Abstract: Pyrochlore is the main host of rare-metal elements of carbonatite rocks, including phoscorites, typical for prolonged history of alkaline magma crystallization at the mafic-ultramafic polyphase Kovdor massif. Pyrochlore associated with baddeleyite, zircon, zirkelite, zirkonolite and forms octahedral and cube-octahedral poikilitic crystals up to 2-5 cm, and represented by U, Ba-Sr and REE species of pyrochlore subgroup. The studied Kovdor pyrochlores are characterized by increased up to 6.5% U and an extremely high Th – up to 40%, with Th/U up to 500. Pyrochlore U-Pb SHRIMP ages of 290-364 Ma correlate with variations in U of different samples, whereas the Th and common Pb have a minor effect on this value. Obtained ages are significantly underestimated and may reflect the influence of the matrix effect or later low-temperature closing of the U-Pb pyrochlore system, as well as the actual transformations of pyrochlore crystal matrix due to the interaction with the late carbonate fluids. Thus the early pyrochlores and U-pyrochlores crystallized at 364 Ma within phoscorites and early calcite carbonatites, whereas Sr-Ba pyrochlores of late calcitedolomite carbonatite formed at 340 Ma, and Th-pyrochlore rims occured at the later stages of the interaction with metasomatizing fluids 290 m.y. ago. Kovdor baddeleyite is also charecterized by high composition heterogeneity determined by the difference in its origin from olivinites to ore-bearing foscorites and postmagmatic syenites. But baddeleyite from calcitemagnetite mineral association have uniform U: 184 ±40, Th: 6.4 ±1.7, ¦REE: 34 ±6, Hf: 7629 ± 599, Nb: 3595 ±840, Ti: 56 ±14, Y: 22 ±4 ppm, and HHf: +6.5 ±1.7 at the age of 379 ±6 Ma. The U-Pb SHRIMP age data demonstrate the concordance of all studied baddeleyite samples and the absence of a significant age difference between baddeleyites of the carbonatite phase: 379 ±3 and foscorites: 379 ±4 Ma. The weighted average age for all the studied baddeleyite samples (n = 8) is 379 ±2.4 Ma at MSWD of 0.6. This can also indicate a relatively short time-interval of magmatism in the formation of Kovdor polyphase massif which did not exceed 5 m.y. and could be related to the Devonian mantleplume activity.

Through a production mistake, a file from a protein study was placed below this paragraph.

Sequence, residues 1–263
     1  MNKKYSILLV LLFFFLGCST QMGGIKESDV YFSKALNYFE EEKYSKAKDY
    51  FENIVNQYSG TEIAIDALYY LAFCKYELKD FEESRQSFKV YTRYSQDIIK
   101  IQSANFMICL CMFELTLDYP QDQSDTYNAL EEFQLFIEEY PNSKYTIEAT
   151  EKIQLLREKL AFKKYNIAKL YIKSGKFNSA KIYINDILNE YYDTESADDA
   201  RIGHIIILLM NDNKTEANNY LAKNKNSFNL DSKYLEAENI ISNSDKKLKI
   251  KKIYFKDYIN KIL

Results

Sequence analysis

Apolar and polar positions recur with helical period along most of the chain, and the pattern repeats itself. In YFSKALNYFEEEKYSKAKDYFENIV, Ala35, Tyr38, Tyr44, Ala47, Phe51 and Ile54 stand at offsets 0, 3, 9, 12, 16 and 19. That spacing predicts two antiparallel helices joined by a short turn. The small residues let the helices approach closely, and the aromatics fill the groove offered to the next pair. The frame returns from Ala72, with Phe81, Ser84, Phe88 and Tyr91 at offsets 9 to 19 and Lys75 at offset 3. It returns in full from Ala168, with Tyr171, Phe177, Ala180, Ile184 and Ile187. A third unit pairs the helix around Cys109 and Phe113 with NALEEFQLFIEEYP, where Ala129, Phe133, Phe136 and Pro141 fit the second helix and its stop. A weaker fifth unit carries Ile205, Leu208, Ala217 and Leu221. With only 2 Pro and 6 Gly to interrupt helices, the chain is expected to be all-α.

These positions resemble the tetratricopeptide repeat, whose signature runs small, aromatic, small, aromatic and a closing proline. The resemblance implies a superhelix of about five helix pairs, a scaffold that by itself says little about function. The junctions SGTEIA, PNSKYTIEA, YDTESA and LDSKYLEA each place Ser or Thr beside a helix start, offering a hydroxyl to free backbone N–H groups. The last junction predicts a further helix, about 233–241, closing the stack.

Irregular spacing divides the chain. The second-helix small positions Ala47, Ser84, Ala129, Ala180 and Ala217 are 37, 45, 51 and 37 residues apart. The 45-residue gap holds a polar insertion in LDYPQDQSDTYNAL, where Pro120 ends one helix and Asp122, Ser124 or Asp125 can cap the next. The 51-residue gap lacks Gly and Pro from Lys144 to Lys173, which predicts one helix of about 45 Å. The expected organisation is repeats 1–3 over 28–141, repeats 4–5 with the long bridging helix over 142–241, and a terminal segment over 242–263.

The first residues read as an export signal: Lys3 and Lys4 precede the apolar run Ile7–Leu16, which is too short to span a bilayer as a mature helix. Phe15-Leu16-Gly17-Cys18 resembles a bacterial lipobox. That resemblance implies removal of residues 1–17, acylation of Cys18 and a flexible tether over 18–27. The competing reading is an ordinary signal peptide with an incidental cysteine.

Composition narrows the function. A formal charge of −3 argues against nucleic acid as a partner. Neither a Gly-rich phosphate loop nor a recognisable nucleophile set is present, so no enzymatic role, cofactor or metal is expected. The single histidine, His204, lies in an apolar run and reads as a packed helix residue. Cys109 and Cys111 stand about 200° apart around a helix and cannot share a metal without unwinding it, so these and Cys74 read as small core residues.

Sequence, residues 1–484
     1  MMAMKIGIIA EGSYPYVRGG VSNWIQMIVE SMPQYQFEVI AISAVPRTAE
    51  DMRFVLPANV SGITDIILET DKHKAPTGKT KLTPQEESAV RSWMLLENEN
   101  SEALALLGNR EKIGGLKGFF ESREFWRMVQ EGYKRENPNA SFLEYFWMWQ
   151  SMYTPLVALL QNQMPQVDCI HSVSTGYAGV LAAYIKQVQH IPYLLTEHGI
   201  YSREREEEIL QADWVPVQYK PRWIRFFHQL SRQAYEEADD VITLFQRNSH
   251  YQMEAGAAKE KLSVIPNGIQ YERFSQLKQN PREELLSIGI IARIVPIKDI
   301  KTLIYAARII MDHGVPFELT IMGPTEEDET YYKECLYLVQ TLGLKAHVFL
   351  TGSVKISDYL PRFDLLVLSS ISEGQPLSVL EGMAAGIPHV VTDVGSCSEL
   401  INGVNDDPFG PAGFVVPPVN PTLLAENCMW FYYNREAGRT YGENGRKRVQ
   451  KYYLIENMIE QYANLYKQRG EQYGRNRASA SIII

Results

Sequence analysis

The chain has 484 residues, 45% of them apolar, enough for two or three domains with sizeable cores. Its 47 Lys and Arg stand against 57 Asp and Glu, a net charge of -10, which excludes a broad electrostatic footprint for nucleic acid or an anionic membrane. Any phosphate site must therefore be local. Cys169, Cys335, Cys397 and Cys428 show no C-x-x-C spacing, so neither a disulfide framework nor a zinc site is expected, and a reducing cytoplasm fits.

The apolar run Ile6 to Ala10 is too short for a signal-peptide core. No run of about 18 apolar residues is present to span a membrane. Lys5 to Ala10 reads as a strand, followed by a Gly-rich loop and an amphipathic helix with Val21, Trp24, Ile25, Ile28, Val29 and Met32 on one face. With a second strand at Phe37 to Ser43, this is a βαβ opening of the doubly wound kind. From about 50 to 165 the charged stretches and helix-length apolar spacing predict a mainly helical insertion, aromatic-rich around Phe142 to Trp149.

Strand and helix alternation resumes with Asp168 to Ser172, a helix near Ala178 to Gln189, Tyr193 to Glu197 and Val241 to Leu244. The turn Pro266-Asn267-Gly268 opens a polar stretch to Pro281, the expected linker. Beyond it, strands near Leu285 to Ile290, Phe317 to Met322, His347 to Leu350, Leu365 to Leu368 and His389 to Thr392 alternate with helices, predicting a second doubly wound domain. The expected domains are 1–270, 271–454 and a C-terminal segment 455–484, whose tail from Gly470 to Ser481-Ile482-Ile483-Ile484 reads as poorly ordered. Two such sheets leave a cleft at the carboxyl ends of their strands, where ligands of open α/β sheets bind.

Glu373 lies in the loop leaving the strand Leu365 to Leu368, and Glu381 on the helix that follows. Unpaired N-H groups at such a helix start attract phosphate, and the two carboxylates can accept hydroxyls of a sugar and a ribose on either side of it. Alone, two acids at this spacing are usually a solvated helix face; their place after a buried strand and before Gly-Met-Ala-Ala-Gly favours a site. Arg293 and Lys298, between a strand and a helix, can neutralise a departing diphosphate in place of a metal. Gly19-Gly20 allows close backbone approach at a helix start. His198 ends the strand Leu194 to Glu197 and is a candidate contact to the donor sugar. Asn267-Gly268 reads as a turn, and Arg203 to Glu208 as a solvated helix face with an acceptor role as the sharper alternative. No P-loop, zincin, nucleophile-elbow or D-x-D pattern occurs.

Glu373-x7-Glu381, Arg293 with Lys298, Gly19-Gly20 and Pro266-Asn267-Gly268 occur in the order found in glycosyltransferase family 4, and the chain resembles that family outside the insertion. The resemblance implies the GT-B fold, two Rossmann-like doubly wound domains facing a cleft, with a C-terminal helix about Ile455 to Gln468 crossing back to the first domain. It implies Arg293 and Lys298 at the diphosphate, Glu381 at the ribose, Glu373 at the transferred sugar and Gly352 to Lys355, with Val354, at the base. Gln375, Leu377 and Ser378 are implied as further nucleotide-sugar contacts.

DS201712-2678
2017
Sergeev, S.A.Chebotarev, D.A., Doroshkevich, A.G., Sharygin, V.V., Yudin, D.S., Ponomarchuk, A.V., Sergeev, S.A.Geochronology of the Chuktukon carbonatite massif, Chadobets uplift ( Krasnoyarsk Territory).Russian Geology and Geophysics, Vol. 58, pp. 1222-1231.Russiacarbonatite

Abstract: We present results of U-Pb (SHRIMP II) and Ar-Ar geochronological study of the rocks of the Chuktukon massif, which is part of the Chadobets alkaline-carbonatite complex, and of the weathering crust developed after them. Perovskite from picrites and monazite from the weathering crust were dated by the U-Pb (SHRIMP II) method, and rippite from carbonatites, by the Ar-Ar method. Rippite has first been used as a geochronometer. The estimated ages (252 ± 12 and 231 ± 2.7 Ma) testify to two magmatism pulses close in time (within the estimation error) to the stages of alkaline magmatism in the Siberian Platform (250-245 and 238-234 Ma). These pulses characterize, most likely, the processes accompanying and completing the activity of the mantle superplume that formed the Siberian Igneous Province at 250-248 Ma. The monazite-estimated age (102.6 ± 2.9 Ma) reflects the time of formation of the ore-bearing weathering crust on the massif rocks.
DS201801-0067
2017
Sergeev, S.A.Sorokhtina, N.V., Belyatsky, B.V., Kononkova, N.N., Rodionov, N.V., Lepkhina, E.N., Antonov, A.V., Sergeev, S.A.Pyrochlore group minerals from Paleozoic carbonatite massifs of the Kola Peninsula: composition and evolution.Carbonatite-alkaline rocks and associated mineral deposits , Dec. 8-11, abstract p. 20-21.Russia, Kola Peninsulacarbonatites